Sunday, August 09, 2009

The stamp, mirror of the peoples?

The postage stamp has often been described as a sign of a State's sovereignty.

Numerous new States issued stamps even if the government was still provisional, that a war was still going on and that no postal system was functioning. From Czechoslovakia in 1918 to the three postal operators of civil war devasted Bosnia-Herzegovina.

Many independantist movements used perforated labels to promote themselves: from the Brittany porte-timbres to the Scottish labels (for the latter, see Gibbons Stamp Monthly dated January 2009).

The Weapons of Victory, commemorative stamp for the end of World War 2.

But postage stamps are useful to solid existing States too. Caucasian tensions reappear in the Western medias with the tumultuous relations between Georgia and the Federation of Russia, one year after the abkhazian and ossetian-linked conflicts, in the middle of the Olympic Games (an event that may have caused the mediatic and political peace intervention in the middle of sleeping August).

Russian side, the 2009 philatelic program registered to the WADP Numebring System clearly shows the color: national pride through military fact:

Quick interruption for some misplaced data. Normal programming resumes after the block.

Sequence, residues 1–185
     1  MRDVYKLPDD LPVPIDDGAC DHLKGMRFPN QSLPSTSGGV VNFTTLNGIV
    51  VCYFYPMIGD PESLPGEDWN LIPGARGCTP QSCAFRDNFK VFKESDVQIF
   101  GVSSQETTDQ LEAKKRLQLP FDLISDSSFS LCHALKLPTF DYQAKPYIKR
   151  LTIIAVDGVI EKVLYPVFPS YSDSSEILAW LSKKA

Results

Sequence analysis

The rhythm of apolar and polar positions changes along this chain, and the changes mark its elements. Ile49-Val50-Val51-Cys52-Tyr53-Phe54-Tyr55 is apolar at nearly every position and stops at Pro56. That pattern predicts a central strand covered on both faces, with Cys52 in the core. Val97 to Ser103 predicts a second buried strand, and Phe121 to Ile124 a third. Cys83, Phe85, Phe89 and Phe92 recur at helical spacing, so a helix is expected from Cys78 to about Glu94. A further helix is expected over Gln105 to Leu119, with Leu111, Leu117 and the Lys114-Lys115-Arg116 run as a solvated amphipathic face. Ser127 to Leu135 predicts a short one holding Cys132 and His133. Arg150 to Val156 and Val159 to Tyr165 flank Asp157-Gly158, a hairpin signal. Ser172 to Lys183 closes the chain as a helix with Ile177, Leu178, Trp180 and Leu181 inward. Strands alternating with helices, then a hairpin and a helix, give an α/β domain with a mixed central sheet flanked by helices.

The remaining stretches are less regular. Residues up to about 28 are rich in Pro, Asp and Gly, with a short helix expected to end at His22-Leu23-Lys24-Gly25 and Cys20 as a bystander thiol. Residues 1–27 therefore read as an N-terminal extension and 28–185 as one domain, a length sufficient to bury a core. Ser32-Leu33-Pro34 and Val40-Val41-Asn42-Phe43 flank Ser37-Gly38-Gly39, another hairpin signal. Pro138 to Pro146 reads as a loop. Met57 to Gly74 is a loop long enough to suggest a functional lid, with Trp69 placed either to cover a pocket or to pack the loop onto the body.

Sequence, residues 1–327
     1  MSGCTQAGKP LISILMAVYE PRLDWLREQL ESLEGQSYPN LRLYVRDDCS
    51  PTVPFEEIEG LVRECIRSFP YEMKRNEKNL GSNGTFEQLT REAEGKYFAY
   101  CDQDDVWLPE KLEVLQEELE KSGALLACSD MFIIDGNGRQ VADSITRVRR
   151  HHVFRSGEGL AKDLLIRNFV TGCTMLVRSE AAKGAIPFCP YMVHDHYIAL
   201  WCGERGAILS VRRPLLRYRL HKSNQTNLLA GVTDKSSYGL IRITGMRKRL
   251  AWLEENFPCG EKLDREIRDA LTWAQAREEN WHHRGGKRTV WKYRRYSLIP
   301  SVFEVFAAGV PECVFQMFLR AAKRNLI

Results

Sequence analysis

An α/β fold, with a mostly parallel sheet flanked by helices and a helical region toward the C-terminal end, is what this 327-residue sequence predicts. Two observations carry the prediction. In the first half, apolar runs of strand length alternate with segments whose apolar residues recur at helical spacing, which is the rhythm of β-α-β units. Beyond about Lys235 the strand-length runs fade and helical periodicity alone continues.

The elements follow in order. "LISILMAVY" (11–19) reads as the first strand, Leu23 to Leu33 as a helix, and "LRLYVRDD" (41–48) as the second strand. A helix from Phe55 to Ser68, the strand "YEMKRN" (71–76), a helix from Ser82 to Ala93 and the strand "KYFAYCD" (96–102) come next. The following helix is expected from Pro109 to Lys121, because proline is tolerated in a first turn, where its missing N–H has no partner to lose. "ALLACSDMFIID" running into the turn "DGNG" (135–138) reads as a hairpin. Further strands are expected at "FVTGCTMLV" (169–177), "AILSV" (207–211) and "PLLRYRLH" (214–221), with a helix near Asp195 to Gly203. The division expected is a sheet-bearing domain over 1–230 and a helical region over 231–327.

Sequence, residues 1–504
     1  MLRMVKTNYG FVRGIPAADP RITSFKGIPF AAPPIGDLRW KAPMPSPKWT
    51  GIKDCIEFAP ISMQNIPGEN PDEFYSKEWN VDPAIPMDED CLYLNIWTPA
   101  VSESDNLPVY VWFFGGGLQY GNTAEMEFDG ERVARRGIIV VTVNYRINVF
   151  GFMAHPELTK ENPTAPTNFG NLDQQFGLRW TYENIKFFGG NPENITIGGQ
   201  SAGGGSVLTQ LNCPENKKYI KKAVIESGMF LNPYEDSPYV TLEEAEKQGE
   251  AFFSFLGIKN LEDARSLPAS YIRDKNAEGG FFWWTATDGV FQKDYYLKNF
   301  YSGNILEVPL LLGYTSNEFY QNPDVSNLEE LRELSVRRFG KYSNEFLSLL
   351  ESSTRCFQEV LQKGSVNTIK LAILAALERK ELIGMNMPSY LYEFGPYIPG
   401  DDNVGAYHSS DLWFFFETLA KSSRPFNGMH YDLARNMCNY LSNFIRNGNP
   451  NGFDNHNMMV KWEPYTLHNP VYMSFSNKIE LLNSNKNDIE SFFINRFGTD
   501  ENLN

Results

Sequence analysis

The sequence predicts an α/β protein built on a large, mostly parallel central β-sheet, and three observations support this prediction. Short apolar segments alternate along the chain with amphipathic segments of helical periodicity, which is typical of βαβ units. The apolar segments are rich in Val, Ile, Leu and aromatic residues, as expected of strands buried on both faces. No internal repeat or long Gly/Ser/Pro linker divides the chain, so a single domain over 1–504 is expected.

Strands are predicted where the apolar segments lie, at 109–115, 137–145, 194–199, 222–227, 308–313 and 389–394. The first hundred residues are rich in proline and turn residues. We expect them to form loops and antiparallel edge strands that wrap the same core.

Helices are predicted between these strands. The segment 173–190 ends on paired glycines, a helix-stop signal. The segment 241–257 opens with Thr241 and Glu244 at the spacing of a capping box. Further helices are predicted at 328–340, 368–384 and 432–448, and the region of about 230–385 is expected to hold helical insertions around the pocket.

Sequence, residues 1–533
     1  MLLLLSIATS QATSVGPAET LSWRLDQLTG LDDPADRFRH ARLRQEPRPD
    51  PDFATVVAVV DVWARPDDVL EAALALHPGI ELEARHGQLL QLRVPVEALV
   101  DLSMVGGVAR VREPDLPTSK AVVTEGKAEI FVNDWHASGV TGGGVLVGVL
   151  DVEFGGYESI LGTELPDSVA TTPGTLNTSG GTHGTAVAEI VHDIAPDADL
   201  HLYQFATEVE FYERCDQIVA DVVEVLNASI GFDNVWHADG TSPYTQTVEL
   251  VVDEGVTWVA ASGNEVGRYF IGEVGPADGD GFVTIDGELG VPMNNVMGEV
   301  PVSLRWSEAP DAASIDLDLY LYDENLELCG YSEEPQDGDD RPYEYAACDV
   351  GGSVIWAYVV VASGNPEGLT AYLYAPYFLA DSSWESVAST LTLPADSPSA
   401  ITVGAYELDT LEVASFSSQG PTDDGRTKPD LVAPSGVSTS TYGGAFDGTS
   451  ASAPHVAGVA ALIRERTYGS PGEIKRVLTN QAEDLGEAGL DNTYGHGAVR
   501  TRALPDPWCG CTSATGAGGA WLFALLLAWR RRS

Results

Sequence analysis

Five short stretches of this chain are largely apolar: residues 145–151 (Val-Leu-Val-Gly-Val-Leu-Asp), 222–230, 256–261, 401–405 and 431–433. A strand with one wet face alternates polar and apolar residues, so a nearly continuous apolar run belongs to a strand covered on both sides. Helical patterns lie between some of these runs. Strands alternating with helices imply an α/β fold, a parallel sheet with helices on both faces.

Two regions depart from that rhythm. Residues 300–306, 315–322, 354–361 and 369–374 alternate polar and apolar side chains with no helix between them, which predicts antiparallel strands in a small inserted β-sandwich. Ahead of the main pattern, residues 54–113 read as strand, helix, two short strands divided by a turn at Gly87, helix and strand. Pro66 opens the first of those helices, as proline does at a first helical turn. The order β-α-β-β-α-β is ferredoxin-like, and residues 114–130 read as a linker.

- cities famous for their soldiers and military glories... far from the touristic stamps in the rest of the world ;
- victory at the battle of Poltava in 1709 ;
- anniversary of the Central Navy Museum (understand the War Navy Museum of Saint Petersburg) ;
- a history of the Cossacks ;
- the 1945 Victory through the weapons used by the Red Army ;
- birthday of military pilots, including Yuri Gagarin.

The message goes to foreigners too with a reminder of fifty years of a nuclear navy.

But Russia welcomed peoples: a stamp for the four hundreds years since Kalmyks stayed in the Empire. The name of these Mongol migrants stand for "the ones who stayed". Nowadays, the Republic of Kalmykia is located not far from the Caucasus mountains.

Will diplomacy avoid new post-USSR conflicts? Lots of efforts would be needed: issued 18 July, a stamp honoring Andrei Gromyko, sovietic diplomat, minister of Foreign Affairs during the thirty most icy years of the Cold War, known as Mister Niet, one of the most conservative communists in the 1980s...

No comments: